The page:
Have you ever wondered why so many cozy mysteries revolve around food or knitting or gardening or bookstores? Why isn’t a plain old murder enough? Who needs herbs or bamboo needles or a trowel when you have a dead body?
I explored the question with the four protagonists in the seaside knitters society mysteries, Izzy, Cass, Birdie and Nell, and I wondered how they’d be different if they didn’t knit, if they were simply “the seaside women.”
Here’s what I think:
I think the knitting provides a centering for their friendship, and has been instrumental in how it has grown. Izzy’s yarn shop is a place to bring Nell, Cass, and Birdie together regularly. It gives them a ready-made place to interact, to gossip, to develop their friendship in new ways. In How to Knit a Murder, the knitting room even provides a place to welcome a newcomer to town. To knit her into their lives. And to help her when she is accused of a horrible murder.
Knitting also provides a metaphor for the way Nell, Birdie, Cass, and Izzy think. As they knit a pattern, they carefully and methodically knit together the pieces of a puzzle—a body in a mansion, a new woman in town, scandals reborn in an online newsletter, high school secrets, once buried, brought to life: all pieces knit together to solve a murder.
And lastly, yarn is simply so tangible and visceral and sensual that it provides a feeling that can soften the harshness of murder and at the same time heighten and stimulate the senses. It injects a sensuousness into the mystery, just like writing about food does. Sinking ones fingers into a basketful of Izzy’s buttercup yellow cashmere yarn, for example, or savoring Nell’s garlic grilled shrimp salad with fresh flakes of basil sprinkled on top—and clinking together four glasses of Birdie’s chilled pinot gris—are sure ways to stimulate and sharpen the senses and help the knitters of Sea Harbor explore the intricacies of murder.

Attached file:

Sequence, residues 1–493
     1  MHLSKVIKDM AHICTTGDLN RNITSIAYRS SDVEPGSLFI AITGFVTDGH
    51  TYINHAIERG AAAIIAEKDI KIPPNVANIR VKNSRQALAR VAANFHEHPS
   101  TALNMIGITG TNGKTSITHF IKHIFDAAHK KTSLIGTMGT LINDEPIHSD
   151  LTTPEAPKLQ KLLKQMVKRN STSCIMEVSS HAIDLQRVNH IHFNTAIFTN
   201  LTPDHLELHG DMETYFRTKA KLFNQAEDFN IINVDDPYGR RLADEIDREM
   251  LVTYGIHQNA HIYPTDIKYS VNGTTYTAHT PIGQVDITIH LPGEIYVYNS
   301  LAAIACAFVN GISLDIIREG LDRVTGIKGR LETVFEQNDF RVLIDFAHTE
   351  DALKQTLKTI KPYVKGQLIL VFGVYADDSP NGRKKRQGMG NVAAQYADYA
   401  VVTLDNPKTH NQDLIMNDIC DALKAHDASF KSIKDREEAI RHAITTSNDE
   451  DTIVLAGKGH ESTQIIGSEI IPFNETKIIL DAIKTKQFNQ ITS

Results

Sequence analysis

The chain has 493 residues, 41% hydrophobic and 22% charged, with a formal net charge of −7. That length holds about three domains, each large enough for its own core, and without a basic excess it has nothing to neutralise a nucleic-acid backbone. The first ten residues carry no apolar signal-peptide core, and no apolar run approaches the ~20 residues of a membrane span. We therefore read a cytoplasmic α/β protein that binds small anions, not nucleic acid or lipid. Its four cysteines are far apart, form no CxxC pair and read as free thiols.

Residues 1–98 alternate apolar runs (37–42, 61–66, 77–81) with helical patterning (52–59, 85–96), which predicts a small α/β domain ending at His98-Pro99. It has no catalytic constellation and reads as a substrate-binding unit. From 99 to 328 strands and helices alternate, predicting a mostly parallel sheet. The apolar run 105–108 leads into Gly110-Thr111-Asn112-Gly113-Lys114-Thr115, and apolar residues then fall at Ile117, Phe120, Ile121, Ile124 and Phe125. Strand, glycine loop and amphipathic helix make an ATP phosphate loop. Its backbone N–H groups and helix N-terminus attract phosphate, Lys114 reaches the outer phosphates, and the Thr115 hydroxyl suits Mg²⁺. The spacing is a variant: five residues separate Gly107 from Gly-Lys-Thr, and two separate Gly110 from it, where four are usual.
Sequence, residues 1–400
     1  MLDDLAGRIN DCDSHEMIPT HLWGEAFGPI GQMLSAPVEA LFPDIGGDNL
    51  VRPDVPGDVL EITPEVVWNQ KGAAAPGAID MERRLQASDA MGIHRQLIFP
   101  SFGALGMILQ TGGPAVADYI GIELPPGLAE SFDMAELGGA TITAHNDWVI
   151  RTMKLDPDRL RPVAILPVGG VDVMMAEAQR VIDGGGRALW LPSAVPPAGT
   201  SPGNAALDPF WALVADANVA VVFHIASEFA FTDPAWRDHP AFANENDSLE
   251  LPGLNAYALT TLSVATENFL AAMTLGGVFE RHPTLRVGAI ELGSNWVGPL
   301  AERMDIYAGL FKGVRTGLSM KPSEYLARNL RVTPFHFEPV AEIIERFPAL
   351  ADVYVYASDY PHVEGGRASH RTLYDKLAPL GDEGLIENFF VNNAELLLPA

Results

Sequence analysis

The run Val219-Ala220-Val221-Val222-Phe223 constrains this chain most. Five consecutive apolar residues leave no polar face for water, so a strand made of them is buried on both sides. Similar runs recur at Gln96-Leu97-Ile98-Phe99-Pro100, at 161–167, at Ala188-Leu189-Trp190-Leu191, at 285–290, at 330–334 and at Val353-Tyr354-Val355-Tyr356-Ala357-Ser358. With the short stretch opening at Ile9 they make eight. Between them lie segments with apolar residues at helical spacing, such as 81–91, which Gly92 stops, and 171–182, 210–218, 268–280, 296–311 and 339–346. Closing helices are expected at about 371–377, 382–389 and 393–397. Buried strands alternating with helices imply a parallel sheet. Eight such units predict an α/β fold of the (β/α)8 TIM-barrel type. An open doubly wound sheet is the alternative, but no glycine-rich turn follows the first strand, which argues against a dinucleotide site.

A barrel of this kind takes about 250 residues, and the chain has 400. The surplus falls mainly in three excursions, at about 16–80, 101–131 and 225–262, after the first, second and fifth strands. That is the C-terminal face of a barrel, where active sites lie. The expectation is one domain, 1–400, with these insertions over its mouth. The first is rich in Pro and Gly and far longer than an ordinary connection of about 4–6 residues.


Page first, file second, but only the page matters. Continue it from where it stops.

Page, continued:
Although readers of the seaside mysteries won’t learn to knit as they join Izzy, Nell, Birdie, and Cass on a Thursday evening in the yarn shop, I hope they take away—not only a feeling of mystery and puzzles, of friendship and caring—but the urge to sink one’s fingers into a tempting pile of cashmere and cotton and luxurious angora wool yarn.
A mysterious woman arrives in picturesque Sea Harbor, Massachusetts, and the Seaside Knitters welcome her into their cozy world of intricate patterns and colorful skeins. Unfortunately, nothing frays a warm introduction like cold-blooded murder . . .
With her shy manner and baggy jeans, Rose Chopra becomes an unlikely superhero the night she stumbles into Izzy Perry’s shop and inadvertently saves a shipment of yarn from water damage. When the Seaside Knitters help the enigmatic handywoman settle into town and find work at a popular real estate company, Rose proves she can fix just about anything—until a potential homebuyer is killed and she becomes entangled in murder . . .
The moment controversial entrepreneur Spencer Paxton is found dead in a pricey ocean-side house, accusations fly at the last person on the property—Rose. But the Seaside Knitters have their doubts. After all, Spencer’s political aspirations as well as his company’s plans to pave over Sea Harbor’s historic art district with luxury apartments earned him some very real enemies . . .
Now, Izzy, Birdie, Nell, and Cass must swap knitting for sleuthing as they struggle to move the needle on a twisted homicide case causing turmoil across town. As tensions build in the sleepy New England community and Rose’s secret past unravels, the ladies face an unsettling realization—true victims aren’t always the ones buried six feet under . . .
Includes a knitting pattern